Today’s question: “I follow what you are saying about the error of saying that there are three ‘centers of consciousness’ in God’s Triune nature, and how that would involve a denial of the unity and simplicity of the Divine Being and ultimately involve tritheism. However, isn’t that different from affirming three subsistent consciousnesses, or three self-conscious Persons within the nature of God? Would not a denial of that involve the opposite error of modalism? I am concerned that in our right concern to flee from tritheism, we are not seeing an implicit embrace of modalism.”
Today’s question: “Is the task of exegesis limited to discovering the author’s original intention, or can meaning somehow overflow intention? If so, in what way? What guardrails are in place that would enable us to recognize certain readings as off-limits? A common text referenced in these discussions is Matthew 2:15’s usage of Hosea 11:1, so I’d be interested to hear your take on that as well.”
In this episode of the Theopolis Podcast, Peter Leithart and I discuss the readings for Pentecost Sunday: Acts 2:1-21, Ezekiel 37:1-14, and John 15:26—6:15.
You can follow the Theopolis podcast on Soundcloud, iTunes, and on most podcast apps. You can read show notes over on the Theopolis podcast website. You can also see past episodes I have contributed to by clicking the ‘Theopolis’ link in the bar above.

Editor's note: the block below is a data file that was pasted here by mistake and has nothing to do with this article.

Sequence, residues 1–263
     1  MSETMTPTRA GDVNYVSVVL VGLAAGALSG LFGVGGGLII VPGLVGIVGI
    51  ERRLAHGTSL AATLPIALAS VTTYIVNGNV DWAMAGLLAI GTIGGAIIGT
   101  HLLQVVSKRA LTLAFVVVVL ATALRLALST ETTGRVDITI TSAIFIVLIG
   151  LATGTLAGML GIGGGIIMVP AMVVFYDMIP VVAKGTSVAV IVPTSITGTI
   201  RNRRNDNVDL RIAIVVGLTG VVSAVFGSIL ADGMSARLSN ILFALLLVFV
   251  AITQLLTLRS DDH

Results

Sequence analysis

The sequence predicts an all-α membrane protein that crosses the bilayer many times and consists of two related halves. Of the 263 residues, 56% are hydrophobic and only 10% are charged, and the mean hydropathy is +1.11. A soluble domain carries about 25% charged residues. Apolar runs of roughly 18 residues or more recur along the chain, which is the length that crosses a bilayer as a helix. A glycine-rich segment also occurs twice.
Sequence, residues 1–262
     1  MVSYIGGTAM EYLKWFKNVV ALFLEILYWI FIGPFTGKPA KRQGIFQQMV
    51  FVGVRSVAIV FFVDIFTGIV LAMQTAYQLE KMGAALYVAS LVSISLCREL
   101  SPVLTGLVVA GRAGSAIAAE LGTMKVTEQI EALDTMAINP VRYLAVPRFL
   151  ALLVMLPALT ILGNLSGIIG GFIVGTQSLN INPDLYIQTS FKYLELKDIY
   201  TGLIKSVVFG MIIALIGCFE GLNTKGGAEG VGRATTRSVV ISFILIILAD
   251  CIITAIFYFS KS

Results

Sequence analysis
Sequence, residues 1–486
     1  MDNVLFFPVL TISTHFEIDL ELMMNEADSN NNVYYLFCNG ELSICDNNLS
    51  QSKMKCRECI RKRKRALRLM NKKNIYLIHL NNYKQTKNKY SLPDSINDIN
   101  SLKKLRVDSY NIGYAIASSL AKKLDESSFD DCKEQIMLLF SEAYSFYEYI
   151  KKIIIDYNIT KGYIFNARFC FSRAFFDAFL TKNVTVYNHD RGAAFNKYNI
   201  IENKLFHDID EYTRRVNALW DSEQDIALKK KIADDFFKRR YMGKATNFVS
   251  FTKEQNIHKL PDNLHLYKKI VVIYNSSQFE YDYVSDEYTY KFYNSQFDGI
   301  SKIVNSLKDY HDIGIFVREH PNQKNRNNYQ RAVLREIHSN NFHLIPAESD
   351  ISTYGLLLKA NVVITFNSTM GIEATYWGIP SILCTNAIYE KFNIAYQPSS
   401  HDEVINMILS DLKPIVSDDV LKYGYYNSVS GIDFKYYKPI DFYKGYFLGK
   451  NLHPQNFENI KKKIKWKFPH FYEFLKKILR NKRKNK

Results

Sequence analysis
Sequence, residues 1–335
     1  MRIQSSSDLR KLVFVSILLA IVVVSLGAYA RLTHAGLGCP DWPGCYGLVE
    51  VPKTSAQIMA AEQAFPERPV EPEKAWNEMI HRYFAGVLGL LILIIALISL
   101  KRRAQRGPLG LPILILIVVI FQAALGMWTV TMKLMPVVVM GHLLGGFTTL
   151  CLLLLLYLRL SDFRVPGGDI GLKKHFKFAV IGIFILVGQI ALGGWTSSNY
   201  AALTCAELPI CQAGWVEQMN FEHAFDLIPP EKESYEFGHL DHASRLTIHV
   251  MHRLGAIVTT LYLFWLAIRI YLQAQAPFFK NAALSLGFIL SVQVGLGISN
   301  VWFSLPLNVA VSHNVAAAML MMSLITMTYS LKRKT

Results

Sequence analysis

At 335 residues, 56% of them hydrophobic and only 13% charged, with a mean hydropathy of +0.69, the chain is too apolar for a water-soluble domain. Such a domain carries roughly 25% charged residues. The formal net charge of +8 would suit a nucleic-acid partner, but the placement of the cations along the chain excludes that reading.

Today I answer a question about the classical doctrine of the Trinity. There is much that I’d love to say more clearly or carefully than I do in this video, or to elaborate upon further, so feel free to send me follow-up questions in the comments here or over on Curious Cat.
The following video is an answer to a Curious Cat question, an over-ambitious attempt to answer a huge question that deserves detailed analysis off the top of my head. Continue to leave your questions in the comments on this blog, over on Curious Cat, or you can email me if you have my address.
The second installment in my daily answers to questions…
Bible Gateway have just posted an interview with me about Echoes of Exodus. Within it, I discuss various topics that the book covers, among some other things.
What are some similarities between the story of 1 Samuel 1-2 and the opening chapters of Luke and Acts?
Alastair J. Roberts: At the beginning of Luke, as at the beginning of 1 Samuel, we see a woman whose womb is opened by the Lord. As in the book of Exodus, the great stories of the establishment of the kingdom of Israel and the establishment of the kingdom of heaven begin with women at the foreground of the narrative frame. We see prayer at the temple (Luke 1:10; compare 1 Samuel 1:8-18) and a priest who lacks spiritual perception, associated with dulled physical faculties (Luke 1:20; compare 1 Samuel 1:12-14, 3:3). We see the gift of a Nazirite son (Luke 1:15; compare 1 Samuel 1:11). We see a powerful declaration of praise by the woman whose womb had been opened (Luke 1:46-55; compare 1 Samuel 2:1-10), followed by descriptions of their children’s growth (Luke 1:80; 2:40, 52; compare 1 Samuel 2:21; 3:19) and of portentous events in their early childhood (Luke 2:41-52; compare 1 Samuel 3:1-18). Early in Luke’s narrative, we also see a woman named Anna (Hannah), who is constantly in prayer in the temple (2:36-38). Acts also begins with prayer in the temple (1:14; compare Luke 24:53). The tongues-speaking of the Christians at Pentecost is mistaken for drunken speech (Acts 2:13), much as Hannah’s prayer is in 1 Samuel 1:12-14.
As God is establishing a new kingdom in the Gospels, it should not surprise us that it involves the appearance of themes that remind us of the establishment of the original kingdom of Israel.
Read the entire interview here. See further material relating to Echoes of Exodus here.